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Administration by Injection

The injection of substances directly into the body requires strict asepsis to avoid complications. Injected substances and the needles/syringes used to inject substances must be sterile. Potential complications for all routes of injection include infection, local irritation, pain and damage to surrounding tissue. Video demonstrations of various injection routes are available on the Procedures With Care website. A video demonstration of the retro-orbital injection route is available on the ARP website. Listed below are recommended maximum injection volumes for specific injection routes. Factors to be considered when selecting an injection route include:

  • Pharmacology of the substance administered
  • Species of animal used
  • Final effect desired (e.g., local or systemic)
  • Minimization of stress and discomfort to the animal

Injection Routes

Intraperitoneal

Potential complications:

  • Inadvertent injection into various abdominal organs and subcutaneous, retroperitoneal or intramuscular spaces
  • Chemical peritonitis due to irritating substances
  • Fibrous tissue adhesions within the abdominal cavity
  • Perforation and/or bleeding of an abdominal organ
  • Respiratory distress or discomfort if the volume administered is too large
  • With repeated administration, a cumulative irritant effect and needle induced damage

Maximum volumes for intraperitoneal injection:

  • Mouse = 2 ml
  • Rat = 10 ml/kg body weight

Intravenous

Potential complications:

  • Bacteremia/septicemia
  • Extravascular delivery of substance administered leading to local soft tissue damage, infection, pain and/or tissue death
  • Vascular occlusion, emboli and thrombosis if substances containing particulate material or low pH precipitate in the bloodstream
  • Hemolysis, coagulation or anaphylaxis depending on the substance injected

Maximum volumes for intravenous injection:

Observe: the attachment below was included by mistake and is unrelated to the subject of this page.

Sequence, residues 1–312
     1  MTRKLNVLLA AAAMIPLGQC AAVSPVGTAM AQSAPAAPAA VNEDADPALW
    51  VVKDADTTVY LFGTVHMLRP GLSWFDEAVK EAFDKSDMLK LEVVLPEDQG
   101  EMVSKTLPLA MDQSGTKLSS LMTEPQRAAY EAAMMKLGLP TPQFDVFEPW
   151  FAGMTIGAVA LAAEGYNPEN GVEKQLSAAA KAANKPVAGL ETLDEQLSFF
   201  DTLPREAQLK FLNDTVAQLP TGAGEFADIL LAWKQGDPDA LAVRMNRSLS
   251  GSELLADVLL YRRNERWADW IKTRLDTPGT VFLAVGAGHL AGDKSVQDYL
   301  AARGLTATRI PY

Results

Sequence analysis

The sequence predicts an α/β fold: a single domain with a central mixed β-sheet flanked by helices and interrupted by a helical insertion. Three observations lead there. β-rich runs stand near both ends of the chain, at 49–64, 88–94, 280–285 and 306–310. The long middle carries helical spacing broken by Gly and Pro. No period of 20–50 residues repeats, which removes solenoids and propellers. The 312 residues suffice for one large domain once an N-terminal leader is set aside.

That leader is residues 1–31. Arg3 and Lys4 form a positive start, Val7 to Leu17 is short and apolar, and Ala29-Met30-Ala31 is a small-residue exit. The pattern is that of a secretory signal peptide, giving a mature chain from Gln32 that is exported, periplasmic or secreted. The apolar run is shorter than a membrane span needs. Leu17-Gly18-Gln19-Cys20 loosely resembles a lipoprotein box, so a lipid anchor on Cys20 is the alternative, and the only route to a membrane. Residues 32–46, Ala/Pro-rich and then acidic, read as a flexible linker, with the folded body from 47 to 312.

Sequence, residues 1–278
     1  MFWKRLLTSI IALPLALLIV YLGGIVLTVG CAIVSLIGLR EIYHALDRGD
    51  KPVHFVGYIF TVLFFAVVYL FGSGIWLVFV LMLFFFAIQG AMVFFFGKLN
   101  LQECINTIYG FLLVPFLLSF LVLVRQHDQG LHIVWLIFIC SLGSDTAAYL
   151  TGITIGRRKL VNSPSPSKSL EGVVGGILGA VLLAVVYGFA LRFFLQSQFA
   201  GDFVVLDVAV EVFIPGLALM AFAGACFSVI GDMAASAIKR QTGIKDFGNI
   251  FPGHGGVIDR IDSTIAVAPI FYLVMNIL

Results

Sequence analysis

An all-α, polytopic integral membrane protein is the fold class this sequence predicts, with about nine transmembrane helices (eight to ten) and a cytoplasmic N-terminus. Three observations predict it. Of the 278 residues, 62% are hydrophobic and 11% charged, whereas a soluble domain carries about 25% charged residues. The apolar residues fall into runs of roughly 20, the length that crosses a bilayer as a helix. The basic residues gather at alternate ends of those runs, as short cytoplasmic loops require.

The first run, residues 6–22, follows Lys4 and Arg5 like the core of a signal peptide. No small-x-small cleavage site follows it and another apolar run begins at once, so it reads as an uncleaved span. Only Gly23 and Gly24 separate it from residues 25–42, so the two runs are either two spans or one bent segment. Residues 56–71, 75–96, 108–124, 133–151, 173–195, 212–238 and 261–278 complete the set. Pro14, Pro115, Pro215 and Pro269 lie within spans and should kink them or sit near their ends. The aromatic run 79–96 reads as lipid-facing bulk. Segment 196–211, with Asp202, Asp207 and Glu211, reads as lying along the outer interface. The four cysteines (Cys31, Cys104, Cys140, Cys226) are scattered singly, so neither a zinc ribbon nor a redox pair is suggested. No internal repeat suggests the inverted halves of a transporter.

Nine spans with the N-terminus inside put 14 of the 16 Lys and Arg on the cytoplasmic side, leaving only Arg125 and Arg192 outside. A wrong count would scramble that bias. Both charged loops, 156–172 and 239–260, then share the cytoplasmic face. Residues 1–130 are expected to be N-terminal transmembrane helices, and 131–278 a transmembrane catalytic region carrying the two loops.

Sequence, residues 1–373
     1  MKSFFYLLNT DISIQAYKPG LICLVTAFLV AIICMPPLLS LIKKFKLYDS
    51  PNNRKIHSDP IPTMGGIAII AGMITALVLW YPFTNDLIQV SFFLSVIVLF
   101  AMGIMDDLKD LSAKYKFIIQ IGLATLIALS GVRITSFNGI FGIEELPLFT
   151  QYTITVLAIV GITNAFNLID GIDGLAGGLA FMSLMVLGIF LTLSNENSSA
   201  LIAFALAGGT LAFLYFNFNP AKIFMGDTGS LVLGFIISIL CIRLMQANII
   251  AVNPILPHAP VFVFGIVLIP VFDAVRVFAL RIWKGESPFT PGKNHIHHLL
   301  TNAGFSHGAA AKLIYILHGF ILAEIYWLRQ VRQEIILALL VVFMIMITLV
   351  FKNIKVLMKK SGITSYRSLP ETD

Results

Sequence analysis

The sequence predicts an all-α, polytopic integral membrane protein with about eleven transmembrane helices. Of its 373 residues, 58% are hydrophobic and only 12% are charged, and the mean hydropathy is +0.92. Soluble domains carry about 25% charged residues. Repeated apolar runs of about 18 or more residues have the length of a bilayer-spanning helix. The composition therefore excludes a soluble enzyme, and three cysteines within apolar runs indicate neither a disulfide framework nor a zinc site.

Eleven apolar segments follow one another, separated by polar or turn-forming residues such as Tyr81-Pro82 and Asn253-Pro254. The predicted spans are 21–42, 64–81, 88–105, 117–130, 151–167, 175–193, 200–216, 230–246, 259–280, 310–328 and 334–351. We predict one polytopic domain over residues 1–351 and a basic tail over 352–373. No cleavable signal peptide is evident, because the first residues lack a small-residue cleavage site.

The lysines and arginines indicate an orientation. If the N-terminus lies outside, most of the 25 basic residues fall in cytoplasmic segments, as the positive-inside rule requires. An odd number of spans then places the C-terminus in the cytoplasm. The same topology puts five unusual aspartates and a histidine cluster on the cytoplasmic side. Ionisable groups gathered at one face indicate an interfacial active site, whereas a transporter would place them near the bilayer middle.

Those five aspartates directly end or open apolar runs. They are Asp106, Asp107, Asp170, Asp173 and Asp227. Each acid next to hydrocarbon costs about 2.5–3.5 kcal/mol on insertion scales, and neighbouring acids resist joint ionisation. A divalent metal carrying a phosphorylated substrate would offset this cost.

• Mouse: Tail vein and retro-orbital (maximum volume = 0.2 ml)
  • Rat: Maximum volume varies depending on animal size, blood vessel used and injection rate. See references below for more information.

Intramuscular

Potential complications:

  • Pain
  • Muscle damage and/or death of tissue
  • Irritation or damage to nearby nerves
  • Generally not useful in small rodents due to small volume that can be safely administered without tissue damage

Maximum volumes for intramuscular injection:

  • Mouse = 0.03 ml
  • Rat = 0.05 ml/kg/site; maximum of 2-4 sites

Intranasal

Potential complications:

  • Aspiration pneumonia
  • Suffocation
  • Inaccurate dosing due to sneezing (deep sedation or light anesthesia may decrease this)

Maximum volumes for intranasal administration:

  • Mouse and rat = 35-50 microliters

Subcutaneous

Non-irritating substances can be administered subcutaneously in almost any area of the body where the skin overlying the site is loose enough to allow for volume expansion. Typical sites include the flanks and dorsal shoulder regions.

Maximum volumes for subcutaneous administration:

  • Mouse = 2 ml total; divided between 2-3 sites
  • Rat = 5-10 ml/kg total divided between 2-4 sites

 

References:

Fox JG, Barthold SW, Davisson MT, Newcomer CE, Quimby FW, Smith AL. The Mouse in Biomedical Research (2nd ed.). 2007. New York, NY: Elsevier Academic Press.

Suckow MA, Weisbroth SH, Franklin CL (Eds.). The Laboratory Rat (2nd ed.). 2006. New York, NY: Elsevier Academic Press.

Turner PV, Brabb T, Pekow C, Vasbinder MA. Administration of Substances to Laboratory Animals: Routes of Administration and Factors to Consider. 2011. JAALAS 50 (5): 600-613.